France: Competition Authority

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The French Competition Authority (the Authority) has continued to move forward at a sustained pace in 2018 and the first half of 2019. It has maintained its unabated willingness to generate tangible results for consumers as well as its strong resolve to make use of the full spectrum of its powers and capacities as both a credible enforcer and a persuasive advocate. The combined use of various prerogatives – such as imposing fines on infringers; making commitments binding upon firms whose behaviour has raised competition concerns; devising well-suited remedies to allow a merger to proceed; and issuing opinions to assess the impact on competition of draft or existing pieces of legislation – enables the Authority to be respected by public and private stakeholders alike as a determined watchdog and trusted adviser, to make the most of its procedural toolbox and to enhance its own expertise, ultimately in the best interest of sound competition enforcement. Further, the Authority’s expertise is valued and recognised by the French Government and Parliament as shown by the staggering number of requests for opinions received by the institution last year. The digital economy and data-driven services (big data, algorithms, artificial intelligence) were among the sectoral priorities for 2018 and will remain at the center of the Authority’s activity in 2019.

The Authority’s robust enforcement in 2018 was reflected in a number of noticeable cases.

It imposed a €189 million fine against six domestic appliances manufacturers in a large-scale cartel. It also sanctioned an unlawful agreement aimed at restricting online sales in the sector of outdoor power equipment. This decision was taken only a few months after the Coty judgment by the CJEU and undertook to clarify, in a cross sector approach, the legal framework applicable to selective distribution and the use of the online sale restrictions. The Authority additionally took a proactive stance in a dominance case whereby it sanctioned a waste management company for having used its dominance on the market to apply excessive price increases to local hospitals. The Authority considered that such an abrupt, significant and lasting price increase, without any objective or relevant justifications by the company, constituted an abuse of exploitation. Showing vigilance as concerns compliance with its decisions, the Authority also fined the Fnac Darty group €20 million for failing to comply with the structural remedies attached to its approval of Darty’s acquisition by Fnac since Fnac failed to divest three stores out of a total of six.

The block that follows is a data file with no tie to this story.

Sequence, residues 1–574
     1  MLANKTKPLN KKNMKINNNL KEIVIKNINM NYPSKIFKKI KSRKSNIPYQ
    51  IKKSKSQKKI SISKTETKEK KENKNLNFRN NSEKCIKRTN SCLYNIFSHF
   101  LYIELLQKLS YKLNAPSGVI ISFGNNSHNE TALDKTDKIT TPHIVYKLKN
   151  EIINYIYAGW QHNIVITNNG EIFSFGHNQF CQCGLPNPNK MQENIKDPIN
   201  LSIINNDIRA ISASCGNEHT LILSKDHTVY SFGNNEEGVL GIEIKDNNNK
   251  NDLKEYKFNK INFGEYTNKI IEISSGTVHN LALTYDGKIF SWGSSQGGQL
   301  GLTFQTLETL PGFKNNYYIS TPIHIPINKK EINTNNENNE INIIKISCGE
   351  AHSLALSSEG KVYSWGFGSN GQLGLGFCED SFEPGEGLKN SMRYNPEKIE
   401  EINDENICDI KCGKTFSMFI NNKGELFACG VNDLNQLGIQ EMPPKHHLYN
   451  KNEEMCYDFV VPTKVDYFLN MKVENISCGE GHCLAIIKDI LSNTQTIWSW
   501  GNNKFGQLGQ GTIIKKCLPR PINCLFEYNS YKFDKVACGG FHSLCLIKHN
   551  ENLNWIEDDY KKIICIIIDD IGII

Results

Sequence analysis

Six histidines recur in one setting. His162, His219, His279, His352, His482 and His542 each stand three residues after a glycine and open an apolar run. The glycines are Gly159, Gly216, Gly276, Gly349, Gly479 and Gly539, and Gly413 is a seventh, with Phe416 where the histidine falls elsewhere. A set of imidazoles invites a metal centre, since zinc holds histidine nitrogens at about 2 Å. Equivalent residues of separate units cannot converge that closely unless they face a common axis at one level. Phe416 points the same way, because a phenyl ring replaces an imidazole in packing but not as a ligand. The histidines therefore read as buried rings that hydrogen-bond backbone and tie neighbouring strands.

Merger control has also been an area of continued strong engagement in 2018 and new breakthroughs for the Authority. It examined, for the first time, the merger of two online platforms ( and in the real estate listings in a very detailed phase II decision.

The merger was authorised without condition after an in-depth examination of the dynamics of platforms’ competition. The digital economy was yet again at the center of the Authority’s activity as demonstrated in two other mergers, which involved ‘phygital’ retail distribution (combining brick and mortar and online retail). Eager to ensure the constant effectiveness of its merger review, the Authority announced several immediate measures following a series of public consultations: the reduction of the volume of information requested during the notification stage, the expansion of the use of the simplified (fast-track) procedure and the creation of a new online merger notification procedure. The Authority also announced a wider revision of its merger control guidelines for 2019. In a similar vein, the Authority pursued its dialogue with the business community on the issue of gun jumping by publishing a comprehensive doctrine article on practices to avoid, following the €80 million fine imposed in 2016 on a telecom and broadcasting group.